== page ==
Fig. 3
figure3

A 38-year-old man had persistent massive hematuria due to a closed contusion of the right kidney in a car accident. Renal artery CTA (a, b) shows a giant pseudoaneurysm in the upper pole of the right kidney (red arrow). Angiography with the Cobra catheter (c) shows the pseudoaneurysm in the middle zone of the right kidney with leaking bleeding and there is contrast extravasation (long red arrow). NBCA glue was injected by microcatheter to fill the aneurysm forming thrombus ball (white arrow). Post-embolization angiography (e) shows occlusion of the pseudoaneurysmal sac and leak. The surrounding kidney tissues appear normal

Fig. 4
figure4

A 72-year-old woman had continuous hematuria of with the CT diagnosis of right large AVM. Renal angiography with the Cobra catheter (a, b) shows the multiple serpiginous abnormal arteries with the ectatic wall in the right kidney (red arrow). NBCA glue was injected by microcatheter to fill the segmental artery that feeds the abnormal vessels (white arrow). Post-embolization angiography (d) shows disappearance of these vessels. The surrounding kidney tissues appear normal

Fig. 5
figure5

A 14-year-old boy presented with persistent hematuria and perirenal hematoma after surgery for left renal trauma. Angiography with a Cobra catheter (a, b) and microcatheter (c) reveal contrast extravasation in the upper segmental branch of the left renal artery. The bleeding artery is successfully occluded by NBCA glue. Angiography with the Cobra catheter after embolization (d) showed that all bleeding arteries have been completely occluded. Normal renal arteries and the renal parenchyma are visible

Fig. 6
figure6

A 28-year-old man had persistent massive hematuria due to a closed contusion of the left kidney in a car accident. Renal artery angiography with the Cobra catheter (a) shows the pseudoaneurysm in the lower zone of the left kidney (red arrow). Micro-catheter angiography was done keeping the catheter inside the aneurysmal sac (c) (arrow head). NBCA glue was injected by microcatheter to fill the aneurysm but spilled over the segmental branch (white arrow) (d)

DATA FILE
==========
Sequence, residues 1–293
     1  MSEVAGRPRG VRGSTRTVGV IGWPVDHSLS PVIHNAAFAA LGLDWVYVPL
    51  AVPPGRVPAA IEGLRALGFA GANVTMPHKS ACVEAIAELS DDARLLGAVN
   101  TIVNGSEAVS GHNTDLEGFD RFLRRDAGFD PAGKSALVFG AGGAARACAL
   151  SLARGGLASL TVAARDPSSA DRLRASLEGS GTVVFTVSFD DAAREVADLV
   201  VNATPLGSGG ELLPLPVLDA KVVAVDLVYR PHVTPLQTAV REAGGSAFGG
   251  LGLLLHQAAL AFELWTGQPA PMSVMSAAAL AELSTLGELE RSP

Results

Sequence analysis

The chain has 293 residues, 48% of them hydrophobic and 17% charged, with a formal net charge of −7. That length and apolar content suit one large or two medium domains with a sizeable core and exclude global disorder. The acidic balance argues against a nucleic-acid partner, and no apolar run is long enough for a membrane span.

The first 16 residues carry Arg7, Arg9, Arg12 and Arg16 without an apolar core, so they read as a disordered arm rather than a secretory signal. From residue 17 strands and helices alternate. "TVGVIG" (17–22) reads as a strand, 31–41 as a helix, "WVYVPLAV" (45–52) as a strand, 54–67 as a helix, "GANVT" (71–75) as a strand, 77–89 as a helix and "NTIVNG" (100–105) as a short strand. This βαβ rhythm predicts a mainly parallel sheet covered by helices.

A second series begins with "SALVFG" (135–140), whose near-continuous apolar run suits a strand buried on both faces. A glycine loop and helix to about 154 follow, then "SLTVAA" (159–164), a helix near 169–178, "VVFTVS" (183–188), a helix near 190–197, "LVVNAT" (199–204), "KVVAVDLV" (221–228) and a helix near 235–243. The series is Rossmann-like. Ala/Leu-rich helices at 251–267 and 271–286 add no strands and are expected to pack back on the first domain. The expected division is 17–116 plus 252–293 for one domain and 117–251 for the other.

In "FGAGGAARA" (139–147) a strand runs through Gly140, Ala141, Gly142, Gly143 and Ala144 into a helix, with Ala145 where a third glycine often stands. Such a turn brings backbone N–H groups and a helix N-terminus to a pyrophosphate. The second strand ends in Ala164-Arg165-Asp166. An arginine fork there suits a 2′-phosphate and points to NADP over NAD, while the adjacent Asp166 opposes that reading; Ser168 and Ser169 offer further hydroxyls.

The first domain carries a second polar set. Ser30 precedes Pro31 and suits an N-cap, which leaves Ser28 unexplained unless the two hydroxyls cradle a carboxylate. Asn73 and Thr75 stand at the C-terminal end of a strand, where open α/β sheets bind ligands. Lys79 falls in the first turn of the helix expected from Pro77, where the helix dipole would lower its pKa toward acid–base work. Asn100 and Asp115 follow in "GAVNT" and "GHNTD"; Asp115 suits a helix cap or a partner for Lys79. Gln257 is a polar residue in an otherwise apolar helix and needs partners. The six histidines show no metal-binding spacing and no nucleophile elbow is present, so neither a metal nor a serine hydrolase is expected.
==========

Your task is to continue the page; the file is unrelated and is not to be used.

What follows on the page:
Fig. 7
figure7

A 28-year-old man had persistent massive hematuria due to a biopsy from the left kidney. Renal artery angiography with the Cobra catheter at the origin (a) shows the pseudoaneurysm in the lower zone of the left kidney (red arrow). Microcatheter angiography defines the segmental branch filling the aneurysm (b). PVA was injected through the microcatheter with obliteration of the aneurysm and the segmental branch (arrow head) (c)

Fig. 8
figure8

A 38-year-old man had persistent hematuria due to an angiomylipoma of the right kidney. Renal artery angiography with the Cobra catheter at the origin (a) shows the tumor in the middle zone (red arrow). Microcatheter angiography defines the segmental branch feeding the tumor (b). PVA was injected through the microcatheter with obliteration of the tumor bed as seen in the post-embolization micro-catheter angiography. Main renal angiography showed disappearance of the tumor with sparing the renal arterial tree (white arrow) (d)